The Excels

The Excels released two singles on the Gibson label in 1965: "Let's Dance" b/w "Walkin' the Dog" and "Merchant of Love" b/w "The First Kiss." James Goode, along with his brother, Danny, comprised half the band.

Here are his recollections:

Our Dad was a disabled Vet from World War II. He could not work. Our Mom worked as a seamstress at Haggard's Pants to support us. Dad would sit in his chair and strum an old acoustic and sing some of the old country and swing songs that he knew. Danny and I started getting interested in playing by watching him. He was our hero and we wanted to be like him.

The Excels was our first band. Danny, Gibson, and Roger got together to do a talent show for high school. I watched them and asked to sit in. This was in 1963, when the guys were juniors in high school. I had been out of school for a year and attended North Texas State University. The Excels stayed together until 1967. [That's] when I got married, Gibson joined the service, and Roger got drafted. After the talent show, I told the guys that it would be fun to play together and form a real band. They agreed.

The guys in the band were Roger Bennett, lead guitar; Gibson Harris, drums; Danny Goode, bass and vocals; James Goode, rhythm and back up vocals. Ronnie Vermillion joined the band after Roger was drafted and stayed with us for about two years.

We couldn't come up with a name that we could agree on and we just started throwing names out. Danny was looking at a dust mop propped against the wall (an Excello brand). He said, "How about the Excellos?" We started laughing and then I said, "How about the Excels?" They agreed; we were tired of trying to come up with a name by then.

We practiced at Gibson's house. His dad was a retired bandleader from the 1940s and he loved to listen to us play. We started out playing locally at private parties for free. I started booking us to play frat parties at North Texas, SMU. We played the homecoming for North Texas in 1965. I remember watching Mayor Cabell of Dallas dancing and also saw Jane Mansfield walk in with her husband (wanted to see what all the noise was about, I guess). I sent a letter to Ms. Ann Bovis asking for an audition at LouAnn's (a popular nite club for the younger crowd.) We played there a dozen times or so. We also played at the Red Jacket Club, but I can't remember where that club was located. We also played at Roys' on Collette Street in Dallas as well as the Keyhole. We played at Sadie's on the strip in Grand Prairie, Panther Hall, Alfred Disco on Lake Texhoma, The Pirate's Nook, and The Point After.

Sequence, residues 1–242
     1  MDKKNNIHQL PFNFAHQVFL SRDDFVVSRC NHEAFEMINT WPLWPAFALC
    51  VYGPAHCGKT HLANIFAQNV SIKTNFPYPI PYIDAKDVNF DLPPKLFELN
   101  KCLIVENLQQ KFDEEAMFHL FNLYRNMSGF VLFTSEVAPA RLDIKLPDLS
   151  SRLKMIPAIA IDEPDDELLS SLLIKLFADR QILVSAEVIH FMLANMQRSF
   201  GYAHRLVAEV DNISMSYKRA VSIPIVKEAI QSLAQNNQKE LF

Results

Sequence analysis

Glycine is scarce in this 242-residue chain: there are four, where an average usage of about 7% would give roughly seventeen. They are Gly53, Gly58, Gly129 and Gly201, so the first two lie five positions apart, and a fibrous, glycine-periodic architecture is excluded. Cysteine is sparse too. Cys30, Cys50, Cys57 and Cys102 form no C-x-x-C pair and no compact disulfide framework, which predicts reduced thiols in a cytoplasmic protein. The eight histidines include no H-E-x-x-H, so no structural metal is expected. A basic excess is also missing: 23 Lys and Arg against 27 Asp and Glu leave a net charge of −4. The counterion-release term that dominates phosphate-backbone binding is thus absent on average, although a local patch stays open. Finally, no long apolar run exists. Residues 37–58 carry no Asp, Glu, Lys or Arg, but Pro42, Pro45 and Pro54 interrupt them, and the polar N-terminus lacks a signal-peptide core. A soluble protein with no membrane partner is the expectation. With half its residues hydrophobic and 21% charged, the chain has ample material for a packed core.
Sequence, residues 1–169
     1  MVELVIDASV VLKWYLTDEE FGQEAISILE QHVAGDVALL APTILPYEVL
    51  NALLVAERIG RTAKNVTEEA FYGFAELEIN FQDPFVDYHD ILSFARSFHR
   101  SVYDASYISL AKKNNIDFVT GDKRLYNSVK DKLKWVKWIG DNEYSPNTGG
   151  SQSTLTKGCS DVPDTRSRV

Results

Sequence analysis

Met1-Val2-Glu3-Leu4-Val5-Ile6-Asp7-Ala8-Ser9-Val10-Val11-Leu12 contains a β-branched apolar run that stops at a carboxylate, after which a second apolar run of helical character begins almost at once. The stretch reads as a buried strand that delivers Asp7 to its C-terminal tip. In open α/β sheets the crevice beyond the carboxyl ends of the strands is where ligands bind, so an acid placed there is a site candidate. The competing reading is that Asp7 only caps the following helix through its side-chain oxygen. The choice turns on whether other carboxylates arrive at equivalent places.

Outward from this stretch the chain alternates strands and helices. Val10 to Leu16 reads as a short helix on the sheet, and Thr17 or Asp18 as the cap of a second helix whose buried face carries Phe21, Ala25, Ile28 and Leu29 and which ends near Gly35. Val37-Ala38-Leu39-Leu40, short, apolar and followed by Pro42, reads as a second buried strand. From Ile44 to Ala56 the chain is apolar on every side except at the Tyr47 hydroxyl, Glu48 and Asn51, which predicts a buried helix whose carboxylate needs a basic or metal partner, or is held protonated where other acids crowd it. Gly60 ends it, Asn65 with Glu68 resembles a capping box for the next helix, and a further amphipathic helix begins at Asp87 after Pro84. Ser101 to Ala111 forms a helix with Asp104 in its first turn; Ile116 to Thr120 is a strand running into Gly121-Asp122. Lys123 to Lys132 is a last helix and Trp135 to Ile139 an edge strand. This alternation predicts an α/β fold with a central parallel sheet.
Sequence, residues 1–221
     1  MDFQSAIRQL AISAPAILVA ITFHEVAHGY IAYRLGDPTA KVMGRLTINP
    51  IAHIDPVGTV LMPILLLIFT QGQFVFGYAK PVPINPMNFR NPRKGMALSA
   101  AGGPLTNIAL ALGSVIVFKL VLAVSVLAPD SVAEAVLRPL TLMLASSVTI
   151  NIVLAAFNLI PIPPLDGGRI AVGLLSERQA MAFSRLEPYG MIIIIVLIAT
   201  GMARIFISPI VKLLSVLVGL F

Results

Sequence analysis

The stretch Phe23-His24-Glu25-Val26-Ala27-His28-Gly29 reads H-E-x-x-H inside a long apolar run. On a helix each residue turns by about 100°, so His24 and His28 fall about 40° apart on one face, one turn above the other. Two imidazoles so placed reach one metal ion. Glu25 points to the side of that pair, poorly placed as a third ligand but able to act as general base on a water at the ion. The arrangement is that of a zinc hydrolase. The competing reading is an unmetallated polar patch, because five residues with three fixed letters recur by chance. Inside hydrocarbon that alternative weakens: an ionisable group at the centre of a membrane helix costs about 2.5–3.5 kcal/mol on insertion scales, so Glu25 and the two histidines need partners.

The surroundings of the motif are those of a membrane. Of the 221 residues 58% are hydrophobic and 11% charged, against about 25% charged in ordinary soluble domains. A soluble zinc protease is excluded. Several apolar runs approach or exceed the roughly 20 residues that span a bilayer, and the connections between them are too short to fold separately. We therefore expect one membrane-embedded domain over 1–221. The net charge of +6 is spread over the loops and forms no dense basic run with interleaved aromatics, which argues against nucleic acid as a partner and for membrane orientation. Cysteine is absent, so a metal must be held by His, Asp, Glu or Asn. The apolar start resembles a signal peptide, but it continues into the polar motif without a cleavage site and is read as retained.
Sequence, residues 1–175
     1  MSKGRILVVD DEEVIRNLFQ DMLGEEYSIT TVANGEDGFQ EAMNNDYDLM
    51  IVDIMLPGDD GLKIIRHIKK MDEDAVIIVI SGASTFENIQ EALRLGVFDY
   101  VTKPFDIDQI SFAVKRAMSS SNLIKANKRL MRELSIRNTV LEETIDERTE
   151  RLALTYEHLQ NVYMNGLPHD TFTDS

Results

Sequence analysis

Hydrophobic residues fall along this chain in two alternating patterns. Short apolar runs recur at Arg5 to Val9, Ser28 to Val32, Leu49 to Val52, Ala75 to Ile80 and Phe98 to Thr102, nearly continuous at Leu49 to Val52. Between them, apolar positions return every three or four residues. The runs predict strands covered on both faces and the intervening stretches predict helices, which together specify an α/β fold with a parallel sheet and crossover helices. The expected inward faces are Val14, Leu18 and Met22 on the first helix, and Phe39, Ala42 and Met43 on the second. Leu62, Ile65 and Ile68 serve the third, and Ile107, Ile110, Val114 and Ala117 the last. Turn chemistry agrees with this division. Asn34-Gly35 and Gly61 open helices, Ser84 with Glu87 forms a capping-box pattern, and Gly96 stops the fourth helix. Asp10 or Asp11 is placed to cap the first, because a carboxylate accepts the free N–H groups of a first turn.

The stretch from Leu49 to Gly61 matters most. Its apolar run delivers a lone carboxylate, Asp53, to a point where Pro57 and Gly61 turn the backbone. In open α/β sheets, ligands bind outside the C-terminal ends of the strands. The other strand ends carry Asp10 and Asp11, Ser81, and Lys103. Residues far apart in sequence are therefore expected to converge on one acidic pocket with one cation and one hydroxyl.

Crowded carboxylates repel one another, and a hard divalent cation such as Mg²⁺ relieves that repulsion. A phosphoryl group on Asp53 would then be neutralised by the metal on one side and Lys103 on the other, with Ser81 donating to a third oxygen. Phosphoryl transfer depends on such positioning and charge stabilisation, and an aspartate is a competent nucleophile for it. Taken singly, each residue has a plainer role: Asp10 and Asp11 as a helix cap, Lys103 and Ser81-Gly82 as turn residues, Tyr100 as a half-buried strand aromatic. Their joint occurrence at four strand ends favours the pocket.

We were influenced by guys like Chuck Berry, the Stones, Booker T., Jimmy Reed, Lightening Hopkins, T Bone Walker, The Beatles, and The Night Caps. If we liked it we tried to play it.

(We recorded) "Walkin' the Dog," and "Let's Dance" with Roger Bennett at lead. We did covers of "Little Latin Lupe Lu," "Heart Full of Stone," "Shapes of Things To Come," "Til The End of the Day," and "Ramblin'," an instrumental, with Ron Vermillion at lead. "Rock When You Need To" has never been published. The story behind it is that it was [the] last day that Gibson (drummer) and Roger (original lead) left for the service. I just wanted to put something on tape. I got Danny and Roger and me down, but Gibson just walked away. I had to use a really cheesy drum machine that I borrowed from Ron Vermillion, our new lead player. "Walkin' The Dog" and "Let's Dance" were recorded in '64 (I think); "Rock When You Need To" was recorded in '66. The demos of the covers were done in late '66 or early '67.

I booked the band for about two years, and Hugh Fowler booked us for a while. We were fairly popular, I guess. When we started playing out of town, our local popularity faded. We were on TV in Sherman and in Oklahoma a lot. We toured from Oklahoma to the Gulf Coast.

I am currently teaching and coaching in Garland. I have a band called the Groove Kings. We play about two times a month.

The Excels was the best thing that ever happened to Danny and me! We were raised in very poor conditions. Dad and Mom wanted to give us things in life that they never had. They gave us their love, [and] love for music, and what little talent we had, we got from them. We were very shy in school, but that's not a problem for us any more. Music brought us out of our shells and motivated us to do better with our lives.

Playing in the band and getting to know some of the other bands in the area was great. Getting to tour with the Ventures and to open for Gary Lewis and the Playboys was the greatest. We never thought that anything like that would ever be possible for us. We were there when it started and now we are thankful for the experience.

To read more about James and The Groove Kings, visit

"Copyrighted and originally printed on The Lance Monthly by Mike Dugo".
"Listen live, online to their music at Beyond The Beat Generation, 60's garage and psychedelia".